Coronavirus death toll rises to 9 in US, community spread takes hold
New York: US President Donald Trump said he is considering tightening travel restrictions as the coronavirus or COVID-19 outbreak continues to claim more American lives, taking the US death toll to nine and spreading across major urban areas including New York on Tuesday.
The second confirmed case in New York is that of a lawyer in his 50s who had an underlying respiratory illness and is now at New York-Presbyterian Hospital in “serious condition”.
New infections in New York, California and Georgia have no connections to international travel and have set off alarm bells across the country.
Five states – California, Washington, Texas, Nebraska and Illinois, have nearly 100 cases just between them.
Some Seattle area schools closed, many states declared emergency, public events are getting cancelled as the number of infections in the US jumped well past 100 across more than a dozen states, with 27 cases in Washington alone.
World Health Organization Director-General Dr Tedros said today that there are now 90,893 reported cases globally and 3,110 deaths.
Seattle schools have begun training staffers on the mechanics of remote lessons in case schools need to be shut down for an extended period. Almost everywhere in the US, people are on edge but answers to the simple questions are hard to come by: Is it okay to travel during spring break, are more school closures on the cards and whether corporate leaders should actually push for remote work rather than waiting for things to go downhill.
“We’re not going to get out of this unscathed”, Anthony Fauci, Director, National Institute of Allergy and Infectious Diseases, said today as the US health system scrambled to get its act together.
He said, “I think that this is going to be one of those things we look back on and say, ‘boy, that was bad.'”
Fauci, who has been in the thick of America’s response to nearly a dozen outbreaks during the reign of at least six presidents, told Trump the rapidly shrinking timeline to begin vaccine trials is a triumph in itself.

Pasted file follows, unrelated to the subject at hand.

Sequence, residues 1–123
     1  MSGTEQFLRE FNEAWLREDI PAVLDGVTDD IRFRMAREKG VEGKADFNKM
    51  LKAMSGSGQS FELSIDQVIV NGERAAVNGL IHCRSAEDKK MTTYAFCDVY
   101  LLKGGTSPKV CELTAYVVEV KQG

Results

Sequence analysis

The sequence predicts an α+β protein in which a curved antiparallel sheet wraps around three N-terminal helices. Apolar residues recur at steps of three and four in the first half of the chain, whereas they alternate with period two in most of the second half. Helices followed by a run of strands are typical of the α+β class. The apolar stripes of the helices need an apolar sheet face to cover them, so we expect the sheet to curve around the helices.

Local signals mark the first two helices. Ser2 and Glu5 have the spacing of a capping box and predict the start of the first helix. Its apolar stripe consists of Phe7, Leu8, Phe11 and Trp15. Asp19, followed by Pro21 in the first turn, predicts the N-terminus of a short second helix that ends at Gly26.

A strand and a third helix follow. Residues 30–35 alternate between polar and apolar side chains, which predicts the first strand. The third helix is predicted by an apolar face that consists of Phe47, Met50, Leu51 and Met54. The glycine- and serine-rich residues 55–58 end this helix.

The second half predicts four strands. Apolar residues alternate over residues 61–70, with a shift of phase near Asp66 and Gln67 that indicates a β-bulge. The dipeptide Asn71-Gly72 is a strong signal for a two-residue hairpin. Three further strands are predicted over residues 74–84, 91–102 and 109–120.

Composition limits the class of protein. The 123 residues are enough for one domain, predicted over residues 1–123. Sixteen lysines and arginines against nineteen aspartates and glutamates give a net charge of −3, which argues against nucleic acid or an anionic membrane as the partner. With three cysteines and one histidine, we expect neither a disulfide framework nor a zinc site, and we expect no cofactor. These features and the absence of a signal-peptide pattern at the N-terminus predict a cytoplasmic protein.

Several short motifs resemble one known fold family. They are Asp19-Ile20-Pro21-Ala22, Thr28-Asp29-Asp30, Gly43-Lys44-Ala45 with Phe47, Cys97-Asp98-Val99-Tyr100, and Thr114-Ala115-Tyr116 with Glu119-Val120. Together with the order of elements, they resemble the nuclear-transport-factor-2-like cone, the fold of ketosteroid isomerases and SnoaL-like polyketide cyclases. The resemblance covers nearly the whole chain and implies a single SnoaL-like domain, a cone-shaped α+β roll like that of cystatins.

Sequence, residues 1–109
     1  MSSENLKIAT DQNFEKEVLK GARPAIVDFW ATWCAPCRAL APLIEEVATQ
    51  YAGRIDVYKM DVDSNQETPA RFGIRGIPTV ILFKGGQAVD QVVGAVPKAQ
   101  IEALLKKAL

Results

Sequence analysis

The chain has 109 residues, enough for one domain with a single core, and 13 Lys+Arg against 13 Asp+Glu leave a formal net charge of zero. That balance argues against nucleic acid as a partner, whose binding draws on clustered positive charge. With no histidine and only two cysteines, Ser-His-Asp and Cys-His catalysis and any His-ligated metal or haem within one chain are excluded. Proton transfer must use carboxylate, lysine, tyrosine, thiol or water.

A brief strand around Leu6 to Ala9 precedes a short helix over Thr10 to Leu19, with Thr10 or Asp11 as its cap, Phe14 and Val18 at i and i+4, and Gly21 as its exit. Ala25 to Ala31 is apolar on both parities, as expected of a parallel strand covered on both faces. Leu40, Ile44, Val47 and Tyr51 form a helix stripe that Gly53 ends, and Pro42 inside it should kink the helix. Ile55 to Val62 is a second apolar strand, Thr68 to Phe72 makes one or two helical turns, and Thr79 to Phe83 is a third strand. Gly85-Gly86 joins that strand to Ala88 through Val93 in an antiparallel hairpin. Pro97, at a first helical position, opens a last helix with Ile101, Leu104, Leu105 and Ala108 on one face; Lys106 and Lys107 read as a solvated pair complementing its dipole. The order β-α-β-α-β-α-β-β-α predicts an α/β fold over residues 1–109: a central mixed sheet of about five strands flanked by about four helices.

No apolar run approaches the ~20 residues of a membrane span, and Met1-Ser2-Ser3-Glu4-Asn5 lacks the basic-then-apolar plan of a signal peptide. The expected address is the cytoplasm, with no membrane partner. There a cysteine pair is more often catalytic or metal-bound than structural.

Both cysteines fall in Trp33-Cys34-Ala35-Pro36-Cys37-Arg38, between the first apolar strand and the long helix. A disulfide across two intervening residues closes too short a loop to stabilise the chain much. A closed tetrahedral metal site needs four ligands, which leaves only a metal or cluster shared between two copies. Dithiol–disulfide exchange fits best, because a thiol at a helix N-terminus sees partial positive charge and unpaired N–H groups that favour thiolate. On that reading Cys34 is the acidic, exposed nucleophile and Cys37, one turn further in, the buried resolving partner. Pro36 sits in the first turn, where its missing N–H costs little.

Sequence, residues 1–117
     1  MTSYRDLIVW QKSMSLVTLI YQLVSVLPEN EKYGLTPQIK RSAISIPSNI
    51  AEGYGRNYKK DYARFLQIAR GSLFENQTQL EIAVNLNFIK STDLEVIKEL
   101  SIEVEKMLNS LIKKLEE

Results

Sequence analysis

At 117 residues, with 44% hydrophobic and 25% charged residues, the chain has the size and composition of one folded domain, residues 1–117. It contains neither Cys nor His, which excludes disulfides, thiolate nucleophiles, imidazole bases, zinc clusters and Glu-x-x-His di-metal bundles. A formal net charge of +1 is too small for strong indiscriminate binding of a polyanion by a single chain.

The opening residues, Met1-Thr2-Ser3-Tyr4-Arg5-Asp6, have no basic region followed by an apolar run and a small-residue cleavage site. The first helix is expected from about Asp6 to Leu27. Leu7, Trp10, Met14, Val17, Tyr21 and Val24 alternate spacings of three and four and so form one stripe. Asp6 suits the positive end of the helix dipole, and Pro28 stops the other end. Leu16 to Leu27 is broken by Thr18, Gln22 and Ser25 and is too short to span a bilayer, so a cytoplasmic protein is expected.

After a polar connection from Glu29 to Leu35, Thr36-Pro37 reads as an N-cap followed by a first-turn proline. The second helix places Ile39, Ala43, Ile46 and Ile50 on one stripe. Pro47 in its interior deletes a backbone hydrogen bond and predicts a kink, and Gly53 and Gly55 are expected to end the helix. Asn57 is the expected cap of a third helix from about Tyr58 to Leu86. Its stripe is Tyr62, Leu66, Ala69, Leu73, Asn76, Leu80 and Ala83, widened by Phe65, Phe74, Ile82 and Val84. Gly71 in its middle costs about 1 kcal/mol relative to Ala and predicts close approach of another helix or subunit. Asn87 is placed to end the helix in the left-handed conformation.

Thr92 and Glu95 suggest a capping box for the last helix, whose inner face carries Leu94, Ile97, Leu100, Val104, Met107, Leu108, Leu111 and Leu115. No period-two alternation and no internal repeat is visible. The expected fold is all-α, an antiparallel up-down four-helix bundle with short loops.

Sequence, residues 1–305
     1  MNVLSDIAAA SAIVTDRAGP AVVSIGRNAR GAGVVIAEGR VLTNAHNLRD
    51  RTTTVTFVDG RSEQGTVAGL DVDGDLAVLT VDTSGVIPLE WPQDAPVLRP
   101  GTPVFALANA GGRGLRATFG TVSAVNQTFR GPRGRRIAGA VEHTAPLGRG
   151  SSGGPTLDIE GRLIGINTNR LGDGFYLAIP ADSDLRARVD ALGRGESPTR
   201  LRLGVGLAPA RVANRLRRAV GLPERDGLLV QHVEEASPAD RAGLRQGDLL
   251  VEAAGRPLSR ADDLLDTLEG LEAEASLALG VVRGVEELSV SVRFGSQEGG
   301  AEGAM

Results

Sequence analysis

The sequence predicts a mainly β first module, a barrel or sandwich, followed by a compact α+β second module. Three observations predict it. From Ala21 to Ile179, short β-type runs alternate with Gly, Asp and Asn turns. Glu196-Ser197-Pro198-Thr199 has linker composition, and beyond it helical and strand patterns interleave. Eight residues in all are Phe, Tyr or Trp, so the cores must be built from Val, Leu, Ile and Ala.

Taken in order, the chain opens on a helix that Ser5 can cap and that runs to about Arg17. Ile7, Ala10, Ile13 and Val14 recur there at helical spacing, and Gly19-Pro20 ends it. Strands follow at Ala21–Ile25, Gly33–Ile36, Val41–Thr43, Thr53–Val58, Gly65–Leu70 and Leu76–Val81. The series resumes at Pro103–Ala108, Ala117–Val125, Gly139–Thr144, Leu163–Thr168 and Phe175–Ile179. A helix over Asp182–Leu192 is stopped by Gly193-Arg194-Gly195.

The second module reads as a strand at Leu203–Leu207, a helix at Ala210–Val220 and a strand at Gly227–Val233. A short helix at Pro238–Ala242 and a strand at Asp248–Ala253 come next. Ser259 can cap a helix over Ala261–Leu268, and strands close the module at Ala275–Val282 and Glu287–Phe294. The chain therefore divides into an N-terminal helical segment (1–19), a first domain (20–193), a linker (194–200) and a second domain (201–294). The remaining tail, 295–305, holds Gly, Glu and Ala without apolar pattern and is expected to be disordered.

Trump continued with his signature messaging, highlighting the overall “low risk”, the early decisions on shutting off inbound travel from China and pinning hopes on America’s drug manufacturers to deliver.
“Therapeutics could happen a lot faster than the vaccine, so we’re hoping for some good answers”, Trump said at the National Institutes of Health today.
The official line from the US health experts remains unchanged: “For the average American going about your daily life, the risk of getting coronavirus is really low.”
“The prevalence of fatalities have been in the elderly and those who have other forms of fragility”, Alex Azar, Health and Human Services Secretary said.
Fauci, who is hailed by Trump administration officials as one of the world’s best infectious diseases specialists, has already cautioned that the first vaccine for coronavirus is at least 8-12 months away.
Meanwhile, doctors and nurses are telling patients to double down on the basics: Wash your hands thoroughly with soap and water or a hand sanitiser with at least 60 per cent alcohol, avoid touching your face, especially face, eyes, nose and mouth. Wiping surfaces with a regular disinfectant is enough to kill the virus, they say.
Although Trump has compared the coronavirus with the annual flu, doctors who are learning of the coronavirus symptomatic pattern point out crucial differences. The coronavirus is less about nose congestion and more about the lungs, they say. Doctors are reporting fever, dry cough, shortness of breath, gastrointestinal problems or diarrhoea and malaise as the dominant symptoms.
The Department of Health and Human Services chief said that public health labs could test up to 75,000 people by the end of this week. These numbers are way short of the US government’s own initial estimates.
Expedited vaccine trials are likely to begin in about two months and it would take a further three months to determine safety and efficacy which means the fastest possible time frame would still be upwards of 6-8 months before a breakthrough, according to Dr. Fauci.